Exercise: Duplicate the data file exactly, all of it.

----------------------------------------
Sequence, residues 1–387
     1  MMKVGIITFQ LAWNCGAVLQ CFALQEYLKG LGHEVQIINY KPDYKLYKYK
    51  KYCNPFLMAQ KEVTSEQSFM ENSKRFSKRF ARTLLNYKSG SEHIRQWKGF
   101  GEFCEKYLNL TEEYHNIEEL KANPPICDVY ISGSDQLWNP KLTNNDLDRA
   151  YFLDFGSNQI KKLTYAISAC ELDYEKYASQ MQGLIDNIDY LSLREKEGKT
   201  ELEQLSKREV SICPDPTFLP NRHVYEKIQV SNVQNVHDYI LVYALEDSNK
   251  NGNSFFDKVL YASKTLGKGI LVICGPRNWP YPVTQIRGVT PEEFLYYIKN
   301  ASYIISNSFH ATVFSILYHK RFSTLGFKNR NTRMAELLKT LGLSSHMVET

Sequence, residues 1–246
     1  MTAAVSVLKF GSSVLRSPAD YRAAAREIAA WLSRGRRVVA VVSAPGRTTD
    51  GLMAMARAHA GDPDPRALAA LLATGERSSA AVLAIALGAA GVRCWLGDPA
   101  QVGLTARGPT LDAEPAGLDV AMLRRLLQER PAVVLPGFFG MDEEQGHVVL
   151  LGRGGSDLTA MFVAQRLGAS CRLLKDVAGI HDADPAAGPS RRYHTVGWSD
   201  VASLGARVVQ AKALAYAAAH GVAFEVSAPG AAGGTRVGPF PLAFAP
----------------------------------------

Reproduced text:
Sequence, residues 1–387
     1  MMKVGIITFQ LAWNCGAVLQ CFALQEYLKG LGHEVQIINY KPDYKLYKYK
    51  KYCNPFLMAQ KEVTSEQSFM ENSKRFSKRF ARTLLNYKSG SEHIRQWKGF
   101  GEFCEKYLNL TEEYHNIEEL KANPPICDVY ISGSDQLWNP KLTNNDLDRA
   151  YFLDFGSNQI KKLTYAISAC ELDYEKYASQ MQGLIDNIDY LSLREKEGKT
   201  ELEQLSKREV SICPDPTFLP NRHVYEKIQV SNVQNVHDYI LVYALEDSNK
   251  NGNSFFDKVL YASKTLGKGI LVICGPRNWP YPVTQIRGVT PEEFLYYIKN
   301  ASYIISNSFH ATVFSILYHK RFSTLGFKNR NTRMAELLKT LGLSSHMVET

Sequence, residues 1–246
     1  MTAAVSVLKF GSSVLRSPAD YRAAAREIAA WLSRGRRVVA VVSAPGRTTD
    51  GLMAMARAHA GDPDPRALAA LLATGERSSA AVLAIALGAA GVRCWLGDPA
   101  QVGLTARGPT LDAEPAGLDV AMLRRLLQER PAVVLPGFFG MDEEQGHVVL
   151  LGRGGSDLTA MFVAQRLGAS CRLLKDVAGI HDADPAAGPS RRYHTVGWSD
   201  VASLGARVVQ AKALAYAAAH GVAFEVSAPG AAGGTRVGPF PLAFAP